Giving economy a big boost

Giving economy a big boost

THE JAITLEY BUDGET: The finance minister's actions do paint a vision. He has signalled that fiscal balance is less important than stimulating growth.

Giving economy a big boost

Has this Budget met the expectations from the Narendra Modi government that were dashed by Finance Minister Arun Jaitley’s earlier one? The answer must be that it has, though not to the extent that it could have.

The Railway Budget set the tone by giving a five year vision and programme, setting the customer at the centre and not vote catching announcements like new trains, lower fares, etc. It offered a huge boost to the economy with a Rs 8.5 lakh investment over five years, in double-tracking the network, investments for maximising safety, cleanliness and hygiene, and other amenities like digitisation allowing advance reservations, etc. Jaitley has not been as much of a visionary but his actions do paint a vision.

Rating agency Standard and Poor’s said they were awaiting a clear sign that the fiscal deficit would be brought down. The finance minister has kept to the target of 4.1 per cent but by revising the GDP growth figures upwards through changes in base year. Despite this, he has extended the achievement of the 3 per cent target (laid down by the Fiscal Responsibility Act) by one more year. He has thus signalled that fiscal balance is less important than stimulating growth. Since foreign investment is coming in at record levels he is probably right in ignoring the S & P warning. Addition to tax revenues is only about 1 per cent of the total.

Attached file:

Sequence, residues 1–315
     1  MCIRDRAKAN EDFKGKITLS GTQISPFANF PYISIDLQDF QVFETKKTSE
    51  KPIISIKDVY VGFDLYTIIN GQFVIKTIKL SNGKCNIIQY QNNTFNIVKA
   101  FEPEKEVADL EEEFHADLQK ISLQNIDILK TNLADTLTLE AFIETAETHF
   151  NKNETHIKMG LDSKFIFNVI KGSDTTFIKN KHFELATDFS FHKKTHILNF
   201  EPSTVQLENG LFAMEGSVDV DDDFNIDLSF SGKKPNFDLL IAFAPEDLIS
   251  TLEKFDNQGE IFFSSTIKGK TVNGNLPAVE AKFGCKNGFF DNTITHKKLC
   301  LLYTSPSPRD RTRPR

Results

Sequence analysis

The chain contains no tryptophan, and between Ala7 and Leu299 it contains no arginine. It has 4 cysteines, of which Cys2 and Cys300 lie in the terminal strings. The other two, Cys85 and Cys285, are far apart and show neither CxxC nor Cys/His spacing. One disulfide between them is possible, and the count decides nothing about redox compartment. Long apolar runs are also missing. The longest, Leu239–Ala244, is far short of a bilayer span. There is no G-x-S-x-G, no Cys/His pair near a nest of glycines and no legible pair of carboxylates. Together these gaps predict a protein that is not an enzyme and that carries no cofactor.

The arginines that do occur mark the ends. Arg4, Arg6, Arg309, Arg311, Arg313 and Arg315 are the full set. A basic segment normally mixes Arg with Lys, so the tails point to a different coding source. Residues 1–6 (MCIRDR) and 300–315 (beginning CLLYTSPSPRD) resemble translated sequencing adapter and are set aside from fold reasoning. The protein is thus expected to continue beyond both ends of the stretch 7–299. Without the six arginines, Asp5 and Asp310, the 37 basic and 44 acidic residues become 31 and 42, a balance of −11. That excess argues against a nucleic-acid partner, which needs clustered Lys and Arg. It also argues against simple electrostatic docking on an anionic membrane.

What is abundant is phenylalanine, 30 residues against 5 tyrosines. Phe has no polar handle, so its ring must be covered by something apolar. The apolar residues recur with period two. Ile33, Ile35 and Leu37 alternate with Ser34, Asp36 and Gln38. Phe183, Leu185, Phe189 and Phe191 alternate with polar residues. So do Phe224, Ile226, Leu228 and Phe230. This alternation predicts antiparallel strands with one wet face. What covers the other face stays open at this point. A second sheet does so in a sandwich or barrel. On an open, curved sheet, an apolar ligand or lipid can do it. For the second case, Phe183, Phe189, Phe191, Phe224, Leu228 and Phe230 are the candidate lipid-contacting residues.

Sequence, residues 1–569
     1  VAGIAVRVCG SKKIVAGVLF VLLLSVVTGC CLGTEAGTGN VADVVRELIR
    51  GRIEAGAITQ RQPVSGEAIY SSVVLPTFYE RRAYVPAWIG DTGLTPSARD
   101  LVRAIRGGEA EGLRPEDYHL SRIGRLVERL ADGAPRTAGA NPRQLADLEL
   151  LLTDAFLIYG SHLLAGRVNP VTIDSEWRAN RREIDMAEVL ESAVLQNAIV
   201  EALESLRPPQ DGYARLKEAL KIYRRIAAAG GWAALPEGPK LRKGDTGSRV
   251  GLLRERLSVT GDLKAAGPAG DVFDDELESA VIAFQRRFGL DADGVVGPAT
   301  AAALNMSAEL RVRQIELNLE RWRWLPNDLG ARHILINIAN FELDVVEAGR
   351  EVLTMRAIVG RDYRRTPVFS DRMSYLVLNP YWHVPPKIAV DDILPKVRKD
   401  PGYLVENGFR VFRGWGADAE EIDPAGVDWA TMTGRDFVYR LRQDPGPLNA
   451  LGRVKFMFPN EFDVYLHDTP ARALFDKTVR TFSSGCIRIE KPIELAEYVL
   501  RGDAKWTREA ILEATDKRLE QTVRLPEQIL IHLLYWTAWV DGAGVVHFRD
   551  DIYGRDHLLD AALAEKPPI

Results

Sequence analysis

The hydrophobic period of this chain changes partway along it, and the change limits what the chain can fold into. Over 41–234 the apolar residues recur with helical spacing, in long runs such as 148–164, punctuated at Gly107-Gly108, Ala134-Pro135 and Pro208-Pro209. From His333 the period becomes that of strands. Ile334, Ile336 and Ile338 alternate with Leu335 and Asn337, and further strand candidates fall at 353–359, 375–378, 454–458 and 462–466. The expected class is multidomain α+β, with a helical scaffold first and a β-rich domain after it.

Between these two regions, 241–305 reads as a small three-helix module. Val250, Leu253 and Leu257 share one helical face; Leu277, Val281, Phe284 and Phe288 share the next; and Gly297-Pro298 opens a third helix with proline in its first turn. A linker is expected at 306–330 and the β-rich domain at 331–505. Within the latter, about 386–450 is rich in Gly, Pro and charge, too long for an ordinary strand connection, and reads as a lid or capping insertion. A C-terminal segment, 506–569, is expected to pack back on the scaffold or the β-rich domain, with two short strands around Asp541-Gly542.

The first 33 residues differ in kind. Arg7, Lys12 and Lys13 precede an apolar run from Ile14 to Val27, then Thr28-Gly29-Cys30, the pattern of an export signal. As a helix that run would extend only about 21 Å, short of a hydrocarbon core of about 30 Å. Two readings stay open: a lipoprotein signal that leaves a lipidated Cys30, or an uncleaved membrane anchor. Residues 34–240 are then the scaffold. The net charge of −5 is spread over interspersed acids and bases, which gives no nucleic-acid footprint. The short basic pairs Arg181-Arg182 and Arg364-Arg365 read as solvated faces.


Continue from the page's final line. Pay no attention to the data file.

Jaitley has taken the 14th Finance Commission recommendation to increase to 42 per cent the Central transfers to states. However, it appears that the transfers of many Centrally sponsored schemes to the states, the reduction in Central plan assistance and revenue expenditures will leave the states with no real extra revenues. States must also delegate more powers to panchayats and municipalities.  

Considerable resources are devoted to agriculture. The intention to reform agricultural marketing and to improve farmers’ realisations on crops is good but could have been finalised with the state governments earlier, and not postponed as he has done. Modi’s slogan of “Make in India” and raising manufacturing in GDP from 17 to 30 per cent or more in many Asian countries is satisfied by the provisions for defence, roads, railways, ports, urban and rural housing, etc. He has not confined investments to the public sector and has provided sovereign guarantees in part to infrastructure investments in public-private partnerships. 

Skill development programmes, digitisation to reduce inspector raj and ease the doing of business, stimulus to innovation, research and local start-ups will add to private investments. So will measures to add to foreign investment.